· The Court also relied on the principles laid down by the United Kingdom Supreme Court in Regeneron Pharmaceuticals Inc vs. Kymab Ltd. and stated that the arguments of the Plaintiffs that DAPA was not claimed in IN 147 seem to be untenable;
· Thus, the Court held that a credible defence to the infringement action is prima facie set up by the Defendant.
III. Post-priority date data/ evidence:
· To establish the technical advance in the invention of IN 625, the Plaintiffs had relied on an Expert Affidavit and based on the data set out in the Affidavit, the Expert concluded that the results obtained by DAPA compared to Example 12 (which the Defendants allege to disclose DAPA) in the data disclosed in the Affidavit were surprising and unexpected;
· Referring to the decision in Generics (UK) Limited vs. Yeda Research and Development Company Limited, (cited by the Defendants), the Court held that post priority date evidence which has been furnished in the Expert Affidavit to show technical advance can only be taken into account to confirm the existence of technical effect which is found embedded in the specification of IN 625 and not to rely upon the same to establish its effect for the first time.
IV. Regarding lack of inventive step:
· The Plaintiffs have prima facie been unable to demonstrate the existence of such technical effect in the specifications and the Defendants are entitled to submit in support of their challenge that there is no demonstrable technical advance as on the date of priority of IN 625;
· In respect of the Defendants’ reliance on the five-step analysis laid down in Hoffman vs. Cipla wherein the Defendants had contended that the expression publicly known is to be understood from the point of view of a person engaged in the pursuit of knowledge of the patented product which in this case would be a man of science dealing with organic/medicinal chemistry, the Court held that this is an aspect which would be required to be tested in a trial.
V. Regarding non-disclosure of material information:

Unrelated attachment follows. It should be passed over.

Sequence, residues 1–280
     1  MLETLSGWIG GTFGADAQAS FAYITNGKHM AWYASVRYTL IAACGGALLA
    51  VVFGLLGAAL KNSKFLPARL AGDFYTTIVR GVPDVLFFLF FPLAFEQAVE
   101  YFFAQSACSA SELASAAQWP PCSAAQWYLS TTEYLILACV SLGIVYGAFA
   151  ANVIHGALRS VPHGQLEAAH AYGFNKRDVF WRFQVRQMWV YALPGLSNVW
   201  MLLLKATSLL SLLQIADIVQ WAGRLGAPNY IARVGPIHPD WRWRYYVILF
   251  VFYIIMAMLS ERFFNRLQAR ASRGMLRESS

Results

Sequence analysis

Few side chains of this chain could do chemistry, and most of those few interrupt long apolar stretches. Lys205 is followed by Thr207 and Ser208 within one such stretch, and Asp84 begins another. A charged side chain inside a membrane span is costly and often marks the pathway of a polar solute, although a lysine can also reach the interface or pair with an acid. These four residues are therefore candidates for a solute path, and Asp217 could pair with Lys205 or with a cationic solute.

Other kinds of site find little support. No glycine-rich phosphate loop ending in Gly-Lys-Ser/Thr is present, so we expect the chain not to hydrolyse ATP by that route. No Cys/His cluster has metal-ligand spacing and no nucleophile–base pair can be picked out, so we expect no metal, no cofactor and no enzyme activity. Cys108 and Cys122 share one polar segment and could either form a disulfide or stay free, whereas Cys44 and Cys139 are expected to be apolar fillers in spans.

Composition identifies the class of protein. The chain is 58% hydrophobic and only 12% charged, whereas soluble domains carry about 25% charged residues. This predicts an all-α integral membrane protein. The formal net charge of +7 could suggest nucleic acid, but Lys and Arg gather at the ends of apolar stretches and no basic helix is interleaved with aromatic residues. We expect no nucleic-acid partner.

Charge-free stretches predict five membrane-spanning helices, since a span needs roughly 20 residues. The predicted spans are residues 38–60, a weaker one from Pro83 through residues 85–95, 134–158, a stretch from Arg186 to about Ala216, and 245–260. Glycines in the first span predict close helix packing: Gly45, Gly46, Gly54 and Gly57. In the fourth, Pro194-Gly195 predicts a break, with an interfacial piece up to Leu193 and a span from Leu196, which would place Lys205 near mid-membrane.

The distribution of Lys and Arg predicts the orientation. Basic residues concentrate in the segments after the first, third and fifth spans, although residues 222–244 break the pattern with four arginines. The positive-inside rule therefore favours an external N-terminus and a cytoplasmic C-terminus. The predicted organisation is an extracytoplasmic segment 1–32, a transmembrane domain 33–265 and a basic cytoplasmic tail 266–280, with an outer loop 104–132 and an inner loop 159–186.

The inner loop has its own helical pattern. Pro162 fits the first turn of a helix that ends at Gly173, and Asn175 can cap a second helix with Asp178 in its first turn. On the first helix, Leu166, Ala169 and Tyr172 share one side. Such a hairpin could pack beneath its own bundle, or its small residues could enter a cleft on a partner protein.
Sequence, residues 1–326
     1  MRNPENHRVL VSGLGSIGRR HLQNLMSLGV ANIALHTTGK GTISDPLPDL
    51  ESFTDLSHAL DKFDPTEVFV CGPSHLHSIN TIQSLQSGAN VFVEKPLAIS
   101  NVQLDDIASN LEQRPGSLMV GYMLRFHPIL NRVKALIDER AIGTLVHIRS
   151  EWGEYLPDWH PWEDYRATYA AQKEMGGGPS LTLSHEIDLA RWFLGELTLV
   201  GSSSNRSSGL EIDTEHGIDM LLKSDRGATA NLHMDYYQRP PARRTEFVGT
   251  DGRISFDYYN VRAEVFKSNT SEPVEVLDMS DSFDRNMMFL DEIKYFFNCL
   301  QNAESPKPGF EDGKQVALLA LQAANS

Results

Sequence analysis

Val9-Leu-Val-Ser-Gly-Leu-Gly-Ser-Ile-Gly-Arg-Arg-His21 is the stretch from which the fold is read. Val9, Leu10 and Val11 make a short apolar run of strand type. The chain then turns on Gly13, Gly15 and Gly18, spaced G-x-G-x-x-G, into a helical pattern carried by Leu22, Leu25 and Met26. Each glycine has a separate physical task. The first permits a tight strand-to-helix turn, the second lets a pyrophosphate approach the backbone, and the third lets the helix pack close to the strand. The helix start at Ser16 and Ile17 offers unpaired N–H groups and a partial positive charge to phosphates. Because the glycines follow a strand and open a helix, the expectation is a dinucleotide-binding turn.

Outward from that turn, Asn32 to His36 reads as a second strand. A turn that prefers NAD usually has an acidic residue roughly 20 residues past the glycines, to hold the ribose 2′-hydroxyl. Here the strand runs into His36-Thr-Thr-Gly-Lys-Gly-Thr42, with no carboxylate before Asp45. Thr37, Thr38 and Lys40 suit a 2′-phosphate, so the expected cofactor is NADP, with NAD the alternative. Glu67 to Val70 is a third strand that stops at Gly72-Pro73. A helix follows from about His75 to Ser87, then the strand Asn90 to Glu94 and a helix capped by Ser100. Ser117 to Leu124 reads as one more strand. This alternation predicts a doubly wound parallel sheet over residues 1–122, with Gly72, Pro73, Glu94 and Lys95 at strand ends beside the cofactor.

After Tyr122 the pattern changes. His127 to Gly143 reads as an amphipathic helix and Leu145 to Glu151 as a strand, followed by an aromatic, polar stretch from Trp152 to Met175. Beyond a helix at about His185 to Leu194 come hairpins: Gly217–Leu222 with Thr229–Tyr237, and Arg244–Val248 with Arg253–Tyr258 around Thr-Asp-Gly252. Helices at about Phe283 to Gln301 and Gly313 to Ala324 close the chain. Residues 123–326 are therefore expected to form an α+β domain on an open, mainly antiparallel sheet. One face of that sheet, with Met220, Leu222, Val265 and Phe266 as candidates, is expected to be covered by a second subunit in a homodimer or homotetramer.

· The Court held that revocation of the suit patents for failure to furnish information would be ruled upon after the trial however, it is an important factor to be taken into account at a preliminary injunction stage; at which point, the Court exercises equitable jurisdiction.
VI. Regarding double-patenting and ever-greening:
· The Court placed reliance on various judgements and held that while terminal disclaimers are not treated as admissions, they are taken into account to ascertain the prosecution history of the patent i.e., the reason as to why the patentee chose to narrow down its claim. Thus, while terminal disclaimer filed by a patentee is not treated as a complete bar against the defence of non- obviousness, depending on facts, it can operate as estoppel by conduct.
VII. Regarding balance of convenience, public interest and irreparable loss:
· The Court held that depriving the Defendants, at this stage, from manufacturing and selling their drugs, when, during the validity period of the genus patent i.e., IN 147 they largely held themselves in check, would not be appropriate, especially, since the Defendants have set up a credible challenge to the suit patents;
· The Court declined injunction since in this case damages, if proved at trial, appear to be compensable;
· The Court also held that if one were to bear in mind the aspect concerning price as also the nature of the disease which is sought to be treated by the drug-in-issue, the scales of balance, at this stage, would weigh in favour of the Defendant.
Thus, the Court refused to grant the injunction in favour of the Plaintiffs and against the Defendants. In another recent landmark decision of the Delhi High Court, Astrazeneca was denied the request for injunction of IN 625 against various other manufacturers, i.e., Torrent Pharmaceuticals, Micro Labs, Zydus, Eris, USV Pvt. And MSN Laboratories.
For any questions, please write to the author- Ms. Saumya Kapoor, Senior Associate, at email@example.com.
 I.A. No. 8826/2020 in CS (COMM) No. 410/2020 and I.A. No. 8859/2020 in CS (COMM) No. 411/2020  a patent covering a group of compounds which disclosed the possibility of individual permutations and combinations that can run into several million structurally diverse compounds  MIPR 2016 (1) 0001]  supra  (2017) EWHC 2629 (Pat)  supra